Going on a "pirate" scavenger hunt at a local nature preserve.

Going on a “pirate” scavenger hunt at a local nature preserve.

But I kid you not, during out very first week of homeschool, Big C averaged 4 costume changes per day.  Ninjas, medieval knights, firefighters, pirates, and of course about a million superheroes.  In a matter of days it was like that quirky, creative little boy had returned without missing a step, and it has been enchanting to follow him down all of his little rabbit trails of learning.

After a long day of public school, Big C wanted to talk about ANYTHING other than what he was learning at school.  Now, he rarely wants to talk about anything else.  It’s like the teachable moment lasts all day long, and we can dive in for as deep or as long as we want!

LESSON PLANNING:

During the “pre-kid” era of my life, I taught elementary school for 8 years, so in many ways, I feel right at home with a lot of the formal school stuff.  I loved teaching, and sharing those skills with my own children has been very rewarding.  That being said, homeschooling one child (with a toddler along for the ride) is A LOT different than managing an entire classroom!  There’s a lot that feels completely foreign, along with a few habits I’ve had to completely unlearn.  Most notably, I’ve realized that I can (and should!) be a LOT more relaxed about planning my days.  Rather than having to have everything prepped for the whole day before the morning begins, I can get things ready as they come up.  If I don’t cover everything I’d expected to on a particular day, it’s not a big deal, and I don’t have to play “catch-up” the next day.  By the same token, some days we skip ahead, and that’s fine too!  As long as there’s plenty of learning opportunities scattered about throughout the day, we can call it a success!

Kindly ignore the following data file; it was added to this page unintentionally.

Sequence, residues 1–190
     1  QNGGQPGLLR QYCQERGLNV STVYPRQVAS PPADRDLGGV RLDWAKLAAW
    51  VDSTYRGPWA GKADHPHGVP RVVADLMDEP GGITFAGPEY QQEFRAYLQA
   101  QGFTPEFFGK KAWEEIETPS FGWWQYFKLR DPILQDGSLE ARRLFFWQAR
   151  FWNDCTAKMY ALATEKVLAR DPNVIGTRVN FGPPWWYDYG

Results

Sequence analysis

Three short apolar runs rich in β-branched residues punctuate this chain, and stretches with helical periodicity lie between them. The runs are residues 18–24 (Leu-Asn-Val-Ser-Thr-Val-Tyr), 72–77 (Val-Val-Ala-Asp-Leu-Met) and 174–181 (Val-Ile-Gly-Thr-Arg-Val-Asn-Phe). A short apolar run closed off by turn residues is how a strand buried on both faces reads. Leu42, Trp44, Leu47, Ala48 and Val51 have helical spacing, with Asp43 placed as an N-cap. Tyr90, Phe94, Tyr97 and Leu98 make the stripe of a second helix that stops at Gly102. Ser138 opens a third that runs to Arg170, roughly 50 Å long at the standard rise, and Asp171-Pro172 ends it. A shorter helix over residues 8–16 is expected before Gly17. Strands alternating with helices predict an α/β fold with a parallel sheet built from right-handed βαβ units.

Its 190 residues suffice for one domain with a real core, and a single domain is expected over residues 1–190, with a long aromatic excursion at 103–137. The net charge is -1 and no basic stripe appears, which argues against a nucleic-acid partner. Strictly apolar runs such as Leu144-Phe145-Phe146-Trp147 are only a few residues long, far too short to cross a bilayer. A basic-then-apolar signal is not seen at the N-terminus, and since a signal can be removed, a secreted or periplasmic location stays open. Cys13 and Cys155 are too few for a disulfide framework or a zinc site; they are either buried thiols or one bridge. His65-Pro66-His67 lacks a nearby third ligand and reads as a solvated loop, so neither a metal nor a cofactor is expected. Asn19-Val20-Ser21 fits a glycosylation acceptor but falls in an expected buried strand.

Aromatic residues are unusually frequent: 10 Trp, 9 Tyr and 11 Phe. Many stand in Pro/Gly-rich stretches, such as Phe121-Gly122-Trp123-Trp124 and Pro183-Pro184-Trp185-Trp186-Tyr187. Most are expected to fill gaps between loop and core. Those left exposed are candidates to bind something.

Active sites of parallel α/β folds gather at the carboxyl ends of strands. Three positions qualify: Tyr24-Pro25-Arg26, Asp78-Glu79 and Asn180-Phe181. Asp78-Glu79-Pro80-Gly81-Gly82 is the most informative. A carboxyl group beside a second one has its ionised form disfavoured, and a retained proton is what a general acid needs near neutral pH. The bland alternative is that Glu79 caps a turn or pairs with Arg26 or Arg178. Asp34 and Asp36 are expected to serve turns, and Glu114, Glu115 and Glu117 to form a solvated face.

With all that said, there’s still a ton I don’t know, and a lot of resources I’ve yet to tap into.  But the past 3 weeks have been nothing but confirmation that for our family, this is the best next step.  For those of you that also homeschool, I’d love to hear more about your daily routine, so please feel free to comment.  And for those of you that are ready for more climbing posts…spring season is almost here, so be patient!

Measuring puddle depth

Measuring puddle depth

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“Not all who wander are lost.” —JRR TOLKIEN